I read this novel for an ‘I’ll Read Yours if You Read Mine’ challenge. It was chosen for me because I don’t like hard sci fi, and I’m not a fan of military sci fi either. However, Haldeman’s novel is quite hospitable to all readers, and although I prefer my sci fi to be more character-focused, I enjoyed this story and its ideas very much.
For reasons that are very thin at best, the human race goes to war with the Taurans, an alien race no one has ever seen or even communicated with. Lack of knowledge about their enemy doesn’t put the slightest damper on preparations for war however, and “the intellectual and physical elite of the planet” are recruited, trained in combat methods that may well have no effect on the bodies of their mysterious enemies, and sent to die by the masses for their species. The narrative follows William Mandella, one of very few soldiers to make it through several battles.
Although the novel’s technical jargon went right over my head, I think I managed to translate it into the intended meaning – fast, very fast, hot, searing hot, very powerful etc. As pahoota, my partner in this challenge pointed out, Haldeman’s use of science gives a good impression of how dangerous space is. Mandella and the soldiers face just as much danger from being killed by their own equipment and the environment as they do from attacks by the Taurans.
Haldeman’s style is very lean and to-the point, and the plot moves so briskly I couldn’t believe how fast I was going at times. The downside of this is that you don’t get much of an opportunity to explore Haldeman’s vision of the future, or engage with any of the characters, all of whom are rather flat and forgettable. The advantage though, is that, in reading The Forever War, you feel as helplessly swept along by the forces of war as Mandella does. Although he spends only a few years in active duty, hundreds of years pass by for the rest of the human race. When Mandella first returns to civilian life, he finds that 17 years have passed on Earth, society has changed drastically, his mother is suddenly old, and his father is dead. Thereafter the gaps only get longer and the social changes even greater. Out in space and on the battlefield, fellow soldiers die horrifically, but barely a moment is available to mourn them as the plot rushes onwards and Mandella must focus on the next Stargate jump, the next battle.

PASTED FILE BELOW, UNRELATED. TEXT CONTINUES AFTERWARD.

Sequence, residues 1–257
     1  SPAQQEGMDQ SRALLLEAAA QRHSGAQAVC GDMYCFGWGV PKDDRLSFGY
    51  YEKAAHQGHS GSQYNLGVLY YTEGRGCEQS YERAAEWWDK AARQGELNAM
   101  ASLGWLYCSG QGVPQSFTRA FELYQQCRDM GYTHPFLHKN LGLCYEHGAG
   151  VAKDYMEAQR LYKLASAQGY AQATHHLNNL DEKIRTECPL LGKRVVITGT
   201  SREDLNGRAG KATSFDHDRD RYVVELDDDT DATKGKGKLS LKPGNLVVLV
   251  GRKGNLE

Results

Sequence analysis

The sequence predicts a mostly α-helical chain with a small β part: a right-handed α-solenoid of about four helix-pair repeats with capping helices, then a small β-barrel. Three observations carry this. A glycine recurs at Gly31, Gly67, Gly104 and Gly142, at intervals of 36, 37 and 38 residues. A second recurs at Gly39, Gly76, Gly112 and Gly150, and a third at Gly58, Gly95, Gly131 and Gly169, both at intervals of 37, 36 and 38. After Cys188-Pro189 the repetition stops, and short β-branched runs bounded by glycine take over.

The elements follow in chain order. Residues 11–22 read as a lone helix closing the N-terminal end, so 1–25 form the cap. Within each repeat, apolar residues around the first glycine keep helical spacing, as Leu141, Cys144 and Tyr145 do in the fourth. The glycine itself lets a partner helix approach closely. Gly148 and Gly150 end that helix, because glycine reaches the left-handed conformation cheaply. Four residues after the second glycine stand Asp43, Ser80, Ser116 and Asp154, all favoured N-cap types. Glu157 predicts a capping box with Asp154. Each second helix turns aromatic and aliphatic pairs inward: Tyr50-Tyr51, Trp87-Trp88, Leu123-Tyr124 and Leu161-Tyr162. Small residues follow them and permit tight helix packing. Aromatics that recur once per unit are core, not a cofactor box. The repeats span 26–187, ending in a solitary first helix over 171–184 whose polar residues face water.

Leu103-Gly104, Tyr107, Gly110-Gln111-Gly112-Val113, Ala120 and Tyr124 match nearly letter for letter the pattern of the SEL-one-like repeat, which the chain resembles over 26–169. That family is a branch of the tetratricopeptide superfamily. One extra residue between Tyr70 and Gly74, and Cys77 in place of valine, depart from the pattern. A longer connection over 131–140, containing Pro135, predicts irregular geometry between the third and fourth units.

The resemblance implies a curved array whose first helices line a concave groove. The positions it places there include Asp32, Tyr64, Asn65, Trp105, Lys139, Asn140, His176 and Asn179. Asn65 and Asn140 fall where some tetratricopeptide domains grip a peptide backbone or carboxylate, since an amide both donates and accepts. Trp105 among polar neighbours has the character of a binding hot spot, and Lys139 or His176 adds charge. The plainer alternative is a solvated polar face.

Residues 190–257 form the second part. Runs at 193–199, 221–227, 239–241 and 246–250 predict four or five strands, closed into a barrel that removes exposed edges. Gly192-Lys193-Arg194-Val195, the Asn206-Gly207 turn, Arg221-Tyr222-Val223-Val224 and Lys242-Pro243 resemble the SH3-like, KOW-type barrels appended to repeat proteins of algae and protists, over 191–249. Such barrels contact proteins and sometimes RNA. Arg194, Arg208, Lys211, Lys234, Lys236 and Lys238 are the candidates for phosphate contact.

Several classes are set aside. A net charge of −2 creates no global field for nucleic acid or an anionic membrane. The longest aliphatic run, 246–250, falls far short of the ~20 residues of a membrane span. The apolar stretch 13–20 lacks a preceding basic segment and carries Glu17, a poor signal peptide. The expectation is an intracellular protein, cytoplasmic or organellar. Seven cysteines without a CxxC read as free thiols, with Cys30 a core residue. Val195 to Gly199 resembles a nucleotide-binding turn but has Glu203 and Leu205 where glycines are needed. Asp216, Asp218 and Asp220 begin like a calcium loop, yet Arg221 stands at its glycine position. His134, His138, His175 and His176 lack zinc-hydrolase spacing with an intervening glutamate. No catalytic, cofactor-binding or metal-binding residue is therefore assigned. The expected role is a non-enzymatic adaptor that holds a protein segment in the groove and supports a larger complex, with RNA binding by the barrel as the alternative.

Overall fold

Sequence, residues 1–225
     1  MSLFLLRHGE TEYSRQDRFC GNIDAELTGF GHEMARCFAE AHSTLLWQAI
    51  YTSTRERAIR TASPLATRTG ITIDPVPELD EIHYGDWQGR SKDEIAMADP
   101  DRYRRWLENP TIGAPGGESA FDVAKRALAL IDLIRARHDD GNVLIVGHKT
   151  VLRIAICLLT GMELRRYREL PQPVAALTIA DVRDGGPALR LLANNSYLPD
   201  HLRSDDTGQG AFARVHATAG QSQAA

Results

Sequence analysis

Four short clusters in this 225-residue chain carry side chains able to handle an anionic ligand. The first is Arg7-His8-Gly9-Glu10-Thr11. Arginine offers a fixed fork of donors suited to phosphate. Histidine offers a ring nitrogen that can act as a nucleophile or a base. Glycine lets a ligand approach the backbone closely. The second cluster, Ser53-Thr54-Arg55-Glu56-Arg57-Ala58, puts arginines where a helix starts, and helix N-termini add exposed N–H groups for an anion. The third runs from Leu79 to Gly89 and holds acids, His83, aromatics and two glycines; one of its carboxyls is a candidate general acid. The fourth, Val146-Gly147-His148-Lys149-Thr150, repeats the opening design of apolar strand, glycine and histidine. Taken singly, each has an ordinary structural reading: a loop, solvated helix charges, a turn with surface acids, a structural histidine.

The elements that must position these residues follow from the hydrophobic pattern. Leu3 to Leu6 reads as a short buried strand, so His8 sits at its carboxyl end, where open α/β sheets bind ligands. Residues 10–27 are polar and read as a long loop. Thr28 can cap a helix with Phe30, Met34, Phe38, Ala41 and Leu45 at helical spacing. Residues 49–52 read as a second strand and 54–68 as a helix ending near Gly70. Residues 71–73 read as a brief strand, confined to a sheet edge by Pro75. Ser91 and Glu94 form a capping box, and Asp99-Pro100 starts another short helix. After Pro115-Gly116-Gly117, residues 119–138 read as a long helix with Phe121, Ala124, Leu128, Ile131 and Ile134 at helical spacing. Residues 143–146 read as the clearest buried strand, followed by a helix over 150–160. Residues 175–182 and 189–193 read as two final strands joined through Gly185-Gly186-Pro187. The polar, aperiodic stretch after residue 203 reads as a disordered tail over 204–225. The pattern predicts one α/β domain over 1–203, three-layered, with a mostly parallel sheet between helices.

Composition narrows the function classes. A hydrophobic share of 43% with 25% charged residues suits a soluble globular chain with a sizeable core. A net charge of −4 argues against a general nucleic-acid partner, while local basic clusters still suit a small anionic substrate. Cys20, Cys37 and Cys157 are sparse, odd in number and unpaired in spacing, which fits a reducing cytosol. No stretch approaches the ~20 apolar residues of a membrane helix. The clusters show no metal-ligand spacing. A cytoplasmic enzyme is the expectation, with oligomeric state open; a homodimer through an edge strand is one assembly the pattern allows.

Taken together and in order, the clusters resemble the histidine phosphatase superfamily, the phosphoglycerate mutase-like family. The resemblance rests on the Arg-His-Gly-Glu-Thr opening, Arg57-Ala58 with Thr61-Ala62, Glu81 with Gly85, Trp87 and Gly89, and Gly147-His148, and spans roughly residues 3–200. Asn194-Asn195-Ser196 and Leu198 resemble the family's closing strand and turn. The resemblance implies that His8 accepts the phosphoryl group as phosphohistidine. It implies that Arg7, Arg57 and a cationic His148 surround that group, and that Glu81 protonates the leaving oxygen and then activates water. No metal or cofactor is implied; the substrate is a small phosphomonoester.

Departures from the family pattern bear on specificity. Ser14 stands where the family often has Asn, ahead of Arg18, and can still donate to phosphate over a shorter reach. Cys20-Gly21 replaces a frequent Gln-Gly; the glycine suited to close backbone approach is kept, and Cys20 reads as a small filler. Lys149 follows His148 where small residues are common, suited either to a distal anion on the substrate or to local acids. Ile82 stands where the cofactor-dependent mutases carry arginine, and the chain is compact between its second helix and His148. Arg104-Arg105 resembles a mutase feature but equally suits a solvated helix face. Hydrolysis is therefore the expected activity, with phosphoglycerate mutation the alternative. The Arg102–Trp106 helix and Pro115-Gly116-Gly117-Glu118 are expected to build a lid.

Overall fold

As the narrative progresses, the concept of a ‘forever war’ really makes itself felt, and Mandella finds it impossible to escape his duty, except in death. Even medical advancements seem as much a horror as a blessing – badly injured bodies are simply repaired so that soldiers can be sent back out into the field rather than being allowed to retire.
The Forever War makes for a good anti-war novel, a quick punchy read that lacks strong characters but effectively reveals the brutalities and absurdities of war. I particularly liked the last battle and its implication that war itself never really changes. The technology used may become deadlier, and the soldiers better trained (and better indoctrinated), but it remains a bloody slaughter. And those who gain any kind of benefit from the battle, are not the ones fighting in it.